- The Washington Times - Thursday, October 10, 2002

The United States was created as one big "free trade zone" among the states; our Constitution was written to ensure no state would bar another's products. But, evidently, some American states still haven't gotten that message. Today, everything from contact lenses to caskets are blocked at state borders.

That is why the Federal Trade Commission (FTC) is holding hearings this week with the goal of removing state-issued tariffs and other anticompetitive regulations, especially those dealing with the Internet. These regulations hurt not only producers and consumers, but national unity and prosperity as well.

Everyone knows the Internet increases exponentially the ability of producers and consumers across the world to engage in voluntary exchange. It makes transactions more efficient, more personalized and less costly while expanding consumer choice and allowing an infinite number of producers to market their goods and services directly to consumers.

So who could be against such vibrant trade?

Middlemen.

Why should you care?

Because middlemen often go to their state government to protect their turf to stop you from doing business with whomever you please. States, often eager to protect in-state industries and to increase tax revenues, are all too often complicit allies with industries seeking shelter from competition.

Wine is a classic example. There are thousands of wineries in the United States, most of which are small, family-run enterprises with small production. The number of wine wholesalers, by contrast, has shrunk markedly in recent years. Wholesalers, working with state legislators, have erected trade barriers in more than half the states forbidding the direct interstate sale and shipment of wine to consumers, often while allowing such shipments by in-state wineries. The Internet's vast potential for helping consumers obtain precisely the product they wish is obliterated.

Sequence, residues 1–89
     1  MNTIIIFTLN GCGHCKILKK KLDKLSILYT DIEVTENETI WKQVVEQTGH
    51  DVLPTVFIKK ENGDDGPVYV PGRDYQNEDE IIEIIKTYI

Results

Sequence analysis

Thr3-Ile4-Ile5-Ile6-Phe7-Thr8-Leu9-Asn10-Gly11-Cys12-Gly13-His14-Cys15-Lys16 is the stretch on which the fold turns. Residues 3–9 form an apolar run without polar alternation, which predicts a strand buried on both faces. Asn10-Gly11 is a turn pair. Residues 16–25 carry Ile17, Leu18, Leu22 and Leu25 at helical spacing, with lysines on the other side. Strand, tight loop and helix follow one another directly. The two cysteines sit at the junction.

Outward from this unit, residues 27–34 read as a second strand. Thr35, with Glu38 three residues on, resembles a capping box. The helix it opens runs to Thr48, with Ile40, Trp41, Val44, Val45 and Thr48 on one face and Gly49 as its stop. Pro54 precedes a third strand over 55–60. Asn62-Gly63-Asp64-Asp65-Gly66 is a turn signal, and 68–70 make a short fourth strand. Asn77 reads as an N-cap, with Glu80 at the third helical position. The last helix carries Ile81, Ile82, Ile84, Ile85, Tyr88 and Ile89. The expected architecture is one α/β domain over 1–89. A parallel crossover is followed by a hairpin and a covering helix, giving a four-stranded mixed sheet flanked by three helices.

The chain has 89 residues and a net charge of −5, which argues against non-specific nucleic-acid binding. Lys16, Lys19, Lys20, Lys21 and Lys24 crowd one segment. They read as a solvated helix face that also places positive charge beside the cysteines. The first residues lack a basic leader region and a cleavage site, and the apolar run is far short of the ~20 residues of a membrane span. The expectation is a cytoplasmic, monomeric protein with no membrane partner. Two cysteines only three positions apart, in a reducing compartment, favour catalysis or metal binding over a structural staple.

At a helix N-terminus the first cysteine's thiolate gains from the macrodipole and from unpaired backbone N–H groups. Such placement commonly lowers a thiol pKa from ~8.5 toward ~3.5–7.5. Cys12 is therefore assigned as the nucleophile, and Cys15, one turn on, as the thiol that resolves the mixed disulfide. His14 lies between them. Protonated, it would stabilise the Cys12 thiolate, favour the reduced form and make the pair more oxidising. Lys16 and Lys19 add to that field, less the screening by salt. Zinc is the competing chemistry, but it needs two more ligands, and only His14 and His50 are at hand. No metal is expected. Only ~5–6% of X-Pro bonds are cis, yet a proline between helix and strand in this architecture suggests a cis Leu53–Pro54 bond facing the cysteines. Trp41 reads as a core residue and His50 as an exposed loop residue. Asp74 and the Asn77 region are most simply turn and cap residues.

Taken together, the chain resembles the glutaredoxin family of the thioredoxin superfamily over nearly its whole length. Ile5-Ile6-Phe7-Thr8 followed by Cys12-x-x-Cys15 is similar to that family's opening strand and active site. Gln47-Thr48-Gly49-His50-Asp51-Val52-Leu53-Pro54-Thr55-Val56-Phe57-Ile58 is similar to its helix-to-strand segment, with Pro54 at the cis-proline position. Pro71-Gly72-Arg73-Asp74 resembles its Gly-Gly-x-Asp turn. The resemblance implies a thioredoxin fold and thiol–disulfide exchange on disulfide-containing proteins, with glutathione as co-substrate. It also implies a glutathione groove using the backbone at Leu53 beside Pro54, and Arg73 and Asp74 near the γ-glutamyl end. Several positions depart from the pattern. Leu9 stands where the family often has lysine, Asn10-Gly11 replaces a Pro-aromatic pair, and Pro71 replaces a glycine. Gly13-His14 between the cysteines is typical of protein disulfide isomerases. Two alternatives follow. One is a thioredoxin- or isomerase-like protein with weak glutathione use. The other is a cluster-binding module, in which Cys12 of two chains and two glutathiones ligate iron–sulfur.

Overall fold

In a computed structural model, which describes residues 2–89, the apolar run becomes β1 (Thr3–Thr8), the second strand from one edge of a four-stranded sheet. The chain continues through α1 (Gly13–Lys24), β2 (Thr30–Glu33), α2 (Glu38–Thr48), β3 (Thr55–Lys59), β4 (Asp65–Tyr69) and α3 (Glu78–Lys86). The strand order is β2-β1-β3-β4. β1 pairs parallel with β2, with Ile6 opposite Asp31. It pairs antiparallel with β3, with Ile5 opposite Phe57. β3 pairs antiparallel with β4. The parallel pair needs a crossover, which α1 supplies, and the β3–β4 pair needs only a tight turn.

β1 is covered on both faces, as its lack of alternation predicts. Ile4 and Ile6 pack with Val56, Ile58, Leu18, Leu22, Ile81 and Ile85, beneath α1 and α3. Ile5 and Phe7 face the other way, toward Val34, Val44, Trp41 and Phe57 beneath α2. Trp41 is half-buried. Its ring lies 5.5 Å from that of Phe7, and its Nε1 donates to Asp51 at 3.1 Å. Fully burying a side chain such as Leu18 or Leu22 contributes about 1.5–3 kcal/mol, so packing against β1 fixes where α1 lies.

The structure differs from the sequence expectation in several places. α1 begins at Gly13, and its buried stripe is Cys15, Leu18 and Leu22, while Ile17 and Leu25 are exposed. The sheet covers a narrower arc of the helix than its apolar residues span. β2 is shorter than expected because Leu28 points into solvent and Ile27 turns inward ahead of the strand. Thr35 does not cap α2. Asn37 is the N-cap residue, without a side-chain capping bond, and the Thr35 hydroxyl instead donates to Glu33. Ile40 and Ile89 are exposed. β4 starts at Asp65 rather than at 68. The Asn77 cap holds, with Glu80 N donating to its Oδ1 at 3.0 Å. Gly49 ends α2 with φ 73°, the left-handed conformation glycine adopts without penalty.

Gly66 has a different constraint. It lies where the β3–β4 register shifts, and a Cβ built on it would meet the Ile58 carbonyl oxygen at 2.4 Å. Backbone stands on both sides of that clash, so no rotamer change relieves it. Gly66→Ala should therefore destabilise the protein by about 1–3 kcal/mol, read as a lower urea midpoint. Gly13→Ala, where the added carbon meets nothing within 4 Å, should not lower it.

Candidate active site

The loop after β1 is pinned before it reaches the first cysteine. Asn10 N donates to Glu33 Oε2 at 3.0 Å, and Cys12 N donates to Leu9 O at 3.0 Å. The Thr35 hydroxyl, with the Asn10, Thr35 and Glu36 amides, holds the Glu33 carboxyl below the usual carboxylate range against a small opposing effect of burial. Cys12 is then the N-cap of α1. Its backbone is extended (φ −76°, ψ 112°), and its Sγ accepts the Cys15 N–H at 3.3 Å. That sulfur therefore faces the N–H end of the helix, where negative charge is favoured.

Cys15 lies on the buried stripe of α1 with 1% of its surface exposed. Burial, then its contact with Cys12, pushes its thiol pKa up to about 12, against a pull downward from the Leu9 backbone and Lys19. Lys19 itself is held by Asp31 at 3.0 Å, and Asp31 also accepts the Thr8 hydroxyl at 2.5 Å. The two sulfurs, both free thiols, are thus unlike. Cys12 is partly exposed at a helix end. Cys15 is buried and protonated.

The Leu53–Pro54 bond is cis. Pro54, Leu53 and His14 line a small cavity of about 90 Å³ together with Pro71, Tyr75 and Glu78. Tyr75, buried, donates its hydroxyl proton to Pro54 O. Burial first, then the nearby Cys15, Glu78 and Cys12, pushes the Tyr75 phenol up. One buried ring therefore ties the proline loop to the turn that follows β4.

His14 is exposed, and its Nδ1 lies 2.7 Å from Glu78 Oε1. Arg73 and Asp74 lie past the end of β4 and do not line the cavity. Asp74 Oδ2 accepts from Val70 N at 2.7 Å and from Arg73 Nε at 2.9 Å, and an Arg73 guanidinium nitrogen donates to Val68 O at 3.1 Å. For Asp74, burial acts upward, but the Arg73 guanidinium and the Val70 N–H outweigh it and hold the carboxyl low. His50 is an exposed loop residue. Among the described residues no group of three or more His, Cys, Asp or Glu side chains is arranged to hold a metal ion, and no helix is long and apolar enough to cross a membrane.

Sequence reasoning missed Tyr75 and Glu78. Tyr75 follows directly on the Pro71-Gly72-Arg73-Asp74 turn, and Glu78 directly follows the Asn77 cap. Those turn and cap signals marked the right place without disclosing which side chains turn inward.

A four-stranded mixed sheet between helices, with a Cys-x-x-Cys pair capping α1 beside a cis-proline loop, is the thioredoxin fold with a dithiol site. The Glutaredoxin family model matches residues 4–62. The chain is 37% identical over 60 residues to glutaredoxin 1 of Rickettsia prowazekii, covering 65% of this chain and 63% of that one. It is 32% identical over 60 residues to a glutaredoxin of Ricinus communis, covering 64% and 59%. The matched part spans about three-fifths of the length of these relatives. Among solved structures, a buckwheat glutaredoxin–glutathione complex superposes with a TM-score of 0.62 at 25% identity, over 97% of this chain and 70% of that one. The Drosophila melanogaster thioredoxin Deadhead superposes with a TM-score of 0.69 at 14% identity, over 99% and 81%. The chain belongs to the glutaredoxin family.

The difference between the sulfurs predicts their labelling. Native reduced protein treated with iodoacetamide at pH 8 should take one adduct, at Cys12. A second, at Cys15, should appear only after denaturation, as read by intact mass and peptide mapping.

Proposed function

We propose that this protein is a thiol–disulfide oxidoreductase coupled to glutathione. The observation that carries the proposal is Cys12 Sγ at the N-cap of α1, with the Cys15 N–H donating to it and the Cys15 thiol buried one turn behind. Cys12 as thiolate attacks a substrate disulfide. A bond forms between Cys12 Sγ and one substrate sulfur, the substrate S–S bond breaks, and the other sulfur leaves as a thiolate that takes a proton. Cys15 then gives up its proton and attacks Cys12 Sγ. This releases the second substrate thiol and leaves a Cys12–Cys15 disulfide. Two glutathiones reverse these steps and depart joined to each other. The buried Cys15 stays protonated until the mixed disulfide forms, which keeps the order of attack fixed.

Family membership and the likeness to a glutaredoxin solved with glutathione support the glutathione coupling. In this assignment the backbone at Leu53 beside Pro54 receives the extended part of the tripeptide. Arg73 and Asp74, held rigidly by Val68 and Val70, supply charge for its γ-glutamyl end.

The government's rationale is to protect against underage access to alcoholic beverages which aside from government-sponsored sting operations is a nonexistent problem and to collect tax revenue. But the real driving force is the multibillion-dollar wine wholesaler industry, which is determined to preserve its monopoly over wine sales at any cost.

This became clear after the Institute for Justice filed suit in New York on behalf of wineries and wine consumers to open up that market. Immediately, New York's four largest wholesalers, the liquor store association, and a transportation union all intervened to preserve the trade restrictions.

Those entities have completely taken over the litigation from the state, demonstrating in the strongest possible way exactly whose interests are threatened by Internet commerce.

The Federal Trade Commission has an important role to play preserving economic liberty and consumer freedom two pillars of a free society. As the foremost watchdog over national free trade, it should investigate state trade barriers that separate producers and consumers, and it should weigh in on federal legislation that impacts free trade and in court cases that raise issues of free trade. Never before has the role of the FTC been more important. The promise of our constitutional design and the vast potential of the Internet to produce greater consumer freedom than ever before demand its vigilance.


Clint Bolick is vice president and national director of state chapters for the Institute for Justice.


Copyright © 2018 The Washington Times, LLC. Click here for reprint permission.

The Washington Times Comment Policy

The Washington Times welcomes your comments on Spot.im, our third-party provider. Please read our Comment Policy before commenting.

 

Click to Read More and View Comments

Click to Hide